December 9, 2010 Posted by | Theatre | , , , , , , , , , , , , , , , , , , | Leave a comment

Theatre Review: ACT’s “The Tosca Project” – a dance journey through time toasting the beloved Café Tosca

The three original owners (from left: Nol Simonse, Kyle Schaefer, Peter Anderson) celebrate the opening of Tosca Cafe in 1919. Photo by Kevin Berne.

Saturday night’s world premiere production of “The Tosca Project” at ACT (American Conservatory Theatre) (through July 3, 2010) marked the first time I had been to the historic Geary Street theatre since I stopped my season subscription two years ago.  I love good theatre and had subscribed to ACT for several years.  Increasingly though, I found myself struggling to connect emotionally with the stories and characters.  Lacking the private Ah-ha moments that actively engage the senses and intellect, the experience too often seemed flat.  At nearly $75 a pop for Orchestra seats (plus parking and incidentals like gas and bridge faire), I began to begrudge the expenditure and the considerable chunk of time invested in a drive into the City for a less-than spectacular evening.   

Having given it a rest, I was eager to see “The Tosca Project” and to revisit ACT.  ACT’s artistic director Carey Perloff and SF Ballet choreographer Val Caniparoli worked together on this piece for four years which Caniparoli calls “a character study through movement.”   San Francisco’s Café Tosca ranks as one of my favorite old-European style bars in America–a place that time forgot.  The collaboration with the San Francisco Ballet held the promise of new energy.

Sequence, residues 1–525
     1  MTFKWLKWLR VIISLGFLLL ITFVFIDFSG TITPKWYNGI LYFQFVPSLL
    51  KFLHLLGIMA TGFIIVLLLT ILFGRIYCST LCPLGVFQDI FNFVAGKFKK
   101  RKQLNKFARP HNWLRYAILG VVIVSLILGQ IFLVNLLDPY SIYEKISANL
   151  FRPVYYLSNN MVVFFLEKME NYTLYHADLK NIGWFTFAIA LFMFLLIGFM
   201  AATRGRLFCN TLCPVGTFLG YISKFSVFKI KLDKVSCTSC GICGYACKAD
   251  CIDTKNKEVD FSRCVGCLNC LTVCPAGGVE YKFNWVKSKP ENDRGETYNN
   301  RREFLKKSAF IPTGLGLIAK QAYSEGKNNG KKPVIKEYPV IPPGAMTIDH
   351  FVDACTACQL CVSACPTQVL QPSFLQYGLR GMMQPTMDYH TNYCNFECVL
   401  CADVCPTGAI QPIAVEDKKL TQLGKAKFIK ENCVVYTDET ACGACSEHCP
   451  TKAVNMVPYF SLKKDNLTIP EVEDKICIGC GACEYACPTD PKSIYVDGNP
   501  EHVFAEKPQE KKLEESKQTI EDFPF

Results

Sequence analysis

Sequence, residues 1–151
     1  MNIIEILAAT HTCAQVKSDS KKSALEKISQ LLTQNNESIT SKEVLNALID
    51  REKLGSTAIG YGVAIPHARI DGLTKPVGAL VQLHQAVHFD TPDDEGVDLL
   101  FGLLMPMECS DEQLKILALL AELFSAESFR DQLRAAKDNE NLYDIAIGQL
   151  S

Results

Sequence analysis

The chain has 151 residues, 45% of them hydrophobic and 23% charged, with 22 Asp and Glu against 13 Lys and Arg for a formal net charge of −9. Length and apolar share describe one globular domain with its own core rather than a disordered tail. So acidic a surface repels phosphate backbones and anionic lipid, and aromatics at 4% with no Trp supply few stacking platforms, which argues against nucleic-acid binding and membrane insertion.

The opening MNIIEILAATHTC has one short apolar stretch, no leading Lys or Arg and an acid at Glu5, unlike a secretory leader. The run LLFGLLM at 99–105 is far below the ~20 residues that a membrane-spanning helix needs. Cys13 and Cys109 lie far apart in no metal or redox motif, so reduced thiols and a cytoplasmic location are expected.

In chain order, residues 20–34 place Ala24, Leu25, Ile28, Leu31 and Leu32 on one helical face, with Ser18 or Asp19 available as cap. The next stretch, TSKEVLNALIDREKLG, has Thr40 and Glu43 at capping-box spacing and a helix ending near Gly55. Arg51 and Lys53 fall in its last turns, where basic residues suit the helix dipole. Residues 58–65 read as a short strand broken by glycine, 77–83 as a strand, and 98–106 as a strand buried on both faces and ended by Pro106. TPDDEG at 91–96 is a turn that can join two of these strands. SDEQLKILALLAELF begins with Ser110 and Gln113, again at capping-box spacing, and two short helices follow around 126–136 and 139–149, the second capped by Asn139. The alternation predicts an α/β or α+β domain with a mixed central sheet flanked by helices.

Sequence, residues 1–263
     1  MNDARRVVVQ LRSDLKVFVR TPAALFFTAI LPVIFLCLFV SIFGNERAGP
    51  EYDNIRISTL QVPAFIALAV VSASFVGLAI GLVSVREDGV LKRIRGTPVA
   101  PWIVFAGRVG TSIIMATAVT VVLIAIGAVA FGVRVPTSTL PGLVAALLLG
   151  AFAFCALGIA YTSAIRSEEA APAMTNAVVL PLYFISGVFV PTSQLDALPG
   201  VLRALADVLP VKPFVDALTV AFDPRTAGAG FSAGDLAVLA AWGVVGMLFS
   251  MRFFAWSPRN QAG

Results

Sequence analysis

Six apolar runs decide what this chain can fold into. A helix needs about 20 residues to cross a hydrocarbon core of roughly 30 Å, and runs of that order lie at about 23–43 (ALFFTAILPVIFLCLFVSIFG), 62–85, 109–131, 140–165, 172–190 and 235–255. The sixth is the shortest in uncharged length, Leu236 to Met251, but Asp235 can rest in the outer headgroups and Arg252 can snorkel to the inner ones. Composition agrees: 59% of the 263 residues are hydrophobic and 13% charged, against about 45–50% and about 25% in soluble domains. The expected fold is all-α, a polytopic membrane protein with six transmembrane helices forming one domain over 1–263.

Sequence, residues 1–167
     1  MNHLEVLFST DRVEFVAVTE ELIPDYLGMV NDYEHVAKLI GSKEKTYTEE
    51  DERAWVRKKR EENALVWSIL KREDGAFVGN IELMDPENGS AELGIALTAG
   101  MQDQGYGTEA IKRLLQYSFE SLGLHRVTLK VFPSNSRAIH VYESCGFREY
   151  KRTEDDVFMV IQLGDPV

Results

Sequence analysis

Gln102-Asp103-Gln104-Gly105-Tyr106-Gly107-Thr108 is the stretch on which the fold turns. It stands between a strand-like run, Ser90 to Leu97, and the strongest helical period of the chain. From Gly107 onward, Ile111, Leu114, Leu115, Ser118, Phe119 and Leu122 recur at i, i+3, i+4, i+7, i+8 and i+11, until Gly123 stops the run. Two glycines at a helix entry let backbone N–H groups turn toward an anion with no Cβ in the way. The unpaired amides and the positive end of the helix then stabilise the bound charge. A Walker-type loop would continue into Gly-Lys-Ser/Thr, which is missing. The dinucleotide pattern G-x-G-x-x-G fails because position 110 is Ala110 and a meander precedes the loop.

The experience was pleasant but not memorable—the dancing carries the show but the storyline is so underdeveloped that it doesn’t do jthis famous watering hole justice.  Nor is there enough sustained dance in the 10 rapid-fire vignettes– lasting 90 minutes in all– to feel satisfied with it as a complete dance piece. 

The Bartender (Jack Willis, right) remembers his younger self (Kyle Schaefer, center) and the his long-lost love that he left behind in Italy (Sabina Allemann). Photo by Kevin Berne.

The idea itself is brilliant—a homage to San Francisco’s iconic Café Tosca, now 91, grounded in the history of San Francisco and set to an enthralling score of music ranging from Puccini’s Tosca to Rosemary Clooney singing “What’ll I Do?”  to Jimmy Hendrix.  Anyone who has ever been to the Café Tosca is keenly aware of the bar’s old world atmosphere and mystery–the play of light and shadow against that long solid mahogany bar, the burnished glint of copper from the espresso machine and the lingering melancholy permeating the booths.  Current owner Jeanette Etheredge plays hostess to a glamorous celebrity crowd along with eccentrics, tourists and locals.  While the world outside changes, Cafe Tosca doesn’t:  the secrets, demons, and dreams of generations are well-tended ghosts.  All this makes for great theatrical content– the characters hold their emotional histories in the space of the bar and the journey of the piece is the excavation of those histories.  Instead of mining these connections, the production offers a furry of brief—albeit lovely—sequential dance encounters that speed by without enough grounding for viewers to really invest themselves in any of the characters or the bar itself.  

The Immigrant (Rachel Ticotin) brings a piece of her Russian homeland into the bar with her. Photo by Kevin Berne.